Hoping To Stave Off A 'Blue Wave' In Utah, Mitt Romney Campaigns For Other Republicans
With a comfortable lead in the race to be the next U.S. senator from Utah, Mitt Romney is using his name recognition — and significant campaign war chest — to get out the vote for other Republicans.
Last week, the former GOP presidential nominee stumped in Arizona for U.S. Rep. Martha McSally in her bid for a Senate seat. This week, Romney was back in Utah hoping to boost local Republicans in November.
The 71-year-old senate candidate, who is vying to replace retiring Sen. Orrin Hatch, is hosting several phone banks this week for Republicans running for legislative and county-level seats. On Monday night, 20 GOP candidates in Salt Lake County attended with their own teams of volunteers to contact voters and urge them to vote Republican.
In the past two months, Romney has canvassed and campaigned with a handful of other Republicans across the state. Earlier this week he appeared in a television ad to endorse Rep. Mia Love, who is in a tight race with challenger Ben McAdams, the Democratic mayor of Salt Lake County.
Romney himself made several phone calls to voters Monday night, asking them to fill out and return their mail-in ballots as soon as possible. “If you’re inclined to vote for Republicans, please vote for all of us,” he told one voter over the phone.
“I just want people to get out and vote. That, for me, is the big issue,” Romney said in an interview at the phone bank. “Whether I win or other people win, the key thing is that we show that we are a democracy which chooses those that will represent us.”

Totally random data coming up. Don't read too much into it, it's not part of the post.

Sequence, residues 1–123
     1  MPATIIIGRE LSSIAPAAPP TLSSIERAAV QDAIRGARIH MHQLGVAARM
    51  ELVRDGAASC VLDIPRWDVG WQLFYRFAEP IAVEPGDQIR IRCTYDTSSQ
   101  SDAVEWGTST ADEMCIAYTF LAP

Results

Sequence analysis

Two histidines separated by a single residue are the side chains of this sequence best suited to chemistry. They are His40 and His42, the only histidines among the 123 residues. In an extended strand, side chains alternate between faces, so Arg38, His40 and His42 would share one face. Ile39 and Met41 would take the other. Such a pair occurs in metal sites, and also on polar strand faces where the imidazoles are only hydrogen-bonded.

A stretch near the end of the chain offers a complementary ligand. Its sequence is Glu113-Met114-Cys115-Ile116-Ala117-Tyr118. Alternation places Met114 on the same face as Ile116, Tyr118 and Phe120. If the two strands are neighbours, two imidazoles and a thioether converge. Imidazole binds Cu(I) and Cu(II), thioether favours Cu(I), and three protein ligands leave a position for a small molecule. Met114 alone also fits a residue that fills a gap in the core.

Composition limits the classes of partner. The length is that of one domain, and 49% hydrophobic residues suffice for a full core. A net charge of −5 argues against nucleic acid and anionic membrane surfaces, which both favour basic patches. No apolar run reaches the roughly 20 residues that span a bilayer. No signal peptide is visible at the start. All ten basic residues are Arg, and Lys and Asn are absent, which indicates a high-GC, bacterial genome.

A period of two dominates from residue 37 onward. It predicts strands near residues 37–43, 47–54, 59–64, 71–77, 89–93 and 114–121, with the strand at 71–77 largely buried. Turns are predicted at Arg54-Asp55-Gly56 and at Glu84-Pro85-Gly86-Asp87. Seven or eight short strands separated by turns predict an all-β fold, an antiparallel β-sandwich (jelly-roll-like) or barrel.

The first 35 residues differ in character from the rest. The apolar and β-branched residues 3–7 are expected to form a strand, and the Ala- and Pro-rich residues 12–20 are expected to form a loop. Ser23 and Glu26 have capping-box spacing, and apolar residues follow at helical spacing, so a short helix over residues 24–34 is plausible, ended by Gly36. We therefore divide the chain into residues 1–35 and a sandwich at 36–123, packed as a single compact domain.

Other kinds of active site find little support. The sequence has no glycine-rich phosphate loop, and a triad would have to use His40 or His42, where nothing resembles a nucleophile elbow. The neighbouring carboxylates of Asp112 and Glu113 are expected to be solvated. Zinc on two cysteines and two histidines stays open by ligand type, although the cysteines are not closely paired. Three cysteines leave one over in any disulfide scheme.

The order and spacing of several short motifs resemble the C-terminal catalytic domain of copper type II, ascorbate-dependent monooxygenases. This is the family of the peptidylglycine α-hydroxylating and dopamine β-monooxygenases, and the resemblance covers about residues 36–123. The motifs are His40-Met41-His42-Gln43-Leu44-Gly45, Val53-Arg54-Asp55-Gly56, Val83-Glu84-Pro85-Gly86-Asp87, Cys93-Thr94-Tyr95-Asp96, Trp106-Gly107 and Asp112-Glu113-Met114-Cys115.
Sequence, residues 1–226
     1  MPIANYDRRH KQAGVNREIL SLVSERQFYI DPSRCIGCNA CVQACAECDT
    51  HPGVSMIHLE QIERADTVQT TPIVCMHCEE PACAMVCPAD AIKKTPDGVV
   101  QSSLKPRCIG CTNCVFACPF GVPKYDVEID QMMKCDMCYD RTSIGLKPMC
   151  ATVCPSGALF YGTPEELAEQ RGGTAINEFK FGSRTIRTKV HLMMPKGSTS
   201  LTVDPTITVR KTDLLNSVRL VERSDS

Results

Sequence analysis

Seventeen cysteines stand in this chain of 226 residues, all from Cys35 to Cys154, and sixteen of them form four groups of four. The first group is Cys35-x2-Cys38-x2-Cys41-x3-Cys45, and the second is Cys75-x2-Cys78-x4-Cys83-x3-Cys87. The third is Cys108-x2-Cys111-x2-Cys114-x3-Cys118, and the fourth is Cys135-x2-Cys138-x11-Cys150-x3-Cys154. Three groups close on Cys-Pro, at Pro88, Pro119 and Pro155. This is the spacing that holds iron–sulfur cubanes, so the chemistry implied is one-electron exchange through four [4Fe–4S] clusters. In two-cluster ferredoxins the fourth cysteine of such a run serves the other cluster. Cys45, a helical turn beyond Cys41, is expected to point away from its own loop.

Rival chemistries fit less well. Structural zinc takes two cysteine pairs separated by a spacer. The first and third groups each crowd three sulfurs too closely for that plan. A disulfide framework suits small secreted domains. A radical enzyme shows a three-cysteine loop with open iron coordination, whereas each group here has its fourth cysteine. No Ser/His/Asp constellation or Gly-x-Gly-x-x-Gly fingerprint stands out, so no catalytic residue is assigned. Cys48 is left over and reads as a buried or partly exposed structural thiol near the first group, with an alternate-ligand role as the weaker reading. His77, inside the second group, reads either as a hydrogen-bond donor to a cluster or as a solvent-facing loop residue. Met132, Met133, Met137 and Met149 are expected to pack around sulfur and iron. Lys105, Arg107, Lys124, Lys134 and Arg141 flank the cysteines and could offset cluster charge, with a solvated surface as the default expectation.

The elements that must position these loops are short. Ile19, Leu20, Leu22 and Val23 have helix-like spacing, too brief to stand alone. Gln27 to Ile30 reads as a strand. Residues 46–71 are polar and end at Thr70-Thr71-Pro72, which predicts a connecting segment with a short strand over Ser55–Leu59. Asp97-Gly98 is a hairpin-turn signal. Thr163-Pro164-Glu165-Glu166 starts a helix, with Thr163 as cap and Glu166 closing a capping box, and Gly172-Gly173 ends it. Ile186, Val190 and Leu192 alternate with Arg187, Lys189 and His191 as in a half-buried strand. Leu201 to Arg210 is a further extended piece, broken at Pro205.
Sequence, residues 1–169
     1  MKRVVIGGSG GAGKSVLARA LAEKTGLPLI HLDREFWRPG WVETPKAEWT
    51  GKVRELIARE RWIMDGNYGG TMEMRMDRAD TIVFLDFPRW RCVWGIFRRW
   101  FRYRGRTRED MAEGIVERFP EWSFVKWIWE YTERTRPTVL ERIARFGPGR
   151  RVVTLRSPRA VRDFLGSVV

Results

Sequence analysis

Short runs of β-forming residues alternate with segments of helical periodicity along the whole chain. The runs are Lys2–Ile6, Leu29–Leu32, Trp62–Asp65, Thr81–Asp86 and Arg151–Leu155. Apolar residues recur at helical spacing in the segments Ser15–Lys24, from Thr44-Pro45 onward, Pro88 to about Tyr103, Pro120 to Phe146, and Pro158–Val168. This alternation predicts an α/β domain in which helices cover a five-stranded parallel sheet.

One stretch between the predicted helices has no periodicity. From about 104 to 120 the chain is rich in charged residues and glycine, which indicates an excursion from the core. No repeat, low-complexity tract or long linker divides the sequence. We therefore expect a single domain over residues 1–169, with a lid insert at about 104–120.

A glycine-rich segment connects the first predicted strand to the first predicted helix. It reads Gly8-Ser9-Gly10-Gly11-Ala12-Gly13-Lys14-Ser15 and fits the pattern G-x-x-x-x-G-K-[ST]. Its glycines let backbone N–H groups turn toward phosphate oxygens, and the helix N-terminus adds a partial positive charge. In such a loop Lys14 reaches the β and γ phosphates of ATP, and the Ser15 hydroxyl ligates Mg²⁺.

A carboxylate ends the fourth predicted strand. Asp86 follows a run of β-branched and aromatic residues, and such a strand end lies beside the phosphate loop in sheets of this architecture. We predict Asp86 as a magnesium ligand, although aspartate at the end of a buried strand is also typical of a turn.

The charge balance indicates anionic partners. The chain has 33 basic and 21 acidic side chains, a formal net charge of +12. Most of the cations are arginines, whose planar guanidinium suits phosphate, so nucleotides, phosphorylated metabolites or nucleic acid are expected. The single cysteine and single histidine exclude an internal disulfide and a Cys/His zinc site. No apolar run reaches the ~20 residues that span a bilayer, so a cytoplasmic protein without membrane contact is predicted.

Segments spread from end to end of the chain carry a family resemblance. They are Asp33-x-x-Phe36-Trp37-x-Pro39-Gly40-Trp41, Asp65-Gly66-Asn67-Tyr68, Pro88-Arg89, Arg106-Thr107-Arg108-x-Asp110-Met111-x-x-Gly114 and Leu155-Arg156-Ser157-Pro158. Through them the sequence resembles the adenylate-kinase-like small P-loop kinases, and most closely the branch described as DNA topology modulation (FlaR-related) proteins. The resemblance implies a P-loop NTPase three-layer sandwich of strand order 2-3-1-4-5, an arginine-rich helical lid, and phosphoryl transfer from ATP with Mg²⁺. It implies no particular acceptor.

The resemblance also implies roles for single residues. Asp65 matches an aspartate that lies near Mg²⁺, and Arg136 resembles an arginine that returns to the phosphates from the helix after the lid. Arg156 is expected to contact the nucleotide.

GOP candidates like Alan Monsen, a former Republican National Committee staffer who is seeking a seat in the state Senate, hope to benefit from Romney’s help this cycle.
“There’s a lot going on on the ballot this year. I’m hoping the turnout does well,” said Monsen, who admits he faces an uphill battle in a blue area of Salt Lake County against incumbent Sen. Jani Iwamoto, D-Holladay.
“Obviously, I’m more down-ballot, but it’s really making sure those voters can have their say,” he said.
Anew Salt Lake Tribune-Hinckley Institute of Politics poll put Romney in a more than 30-point lead against Democratic opponent Jenny Wilson, a two-term Salt Lake County councilwoman.
“I don’t put a lot of stock in polls at this stage. As we get closer to the election, maybe they have more impact,” Romney said in reaction to the new polling. “But I’m happy to get the kind of response I’ve received so far.”
Some political observers say Democrats will likely win back the House this election cycle, which would make it harder for Republicans in Washington to carry out a full-throated GOP agenda. Romney said he doesn’t put much stock in those predictions, either.
“I think Republicans are going to do better in Washington – in the House and the Senate – than people expect,” he said. “In part because the economy is so strong and they recognize that the principles that Republicans have put in place have helped create a stronger economy.”
But should he win his senate seat, Romney said he plans to work with both sides, regardless of who is in the majority.
“You’ve got to work across the aisle if you want to do something that’s going to last beyond the next election,” he said.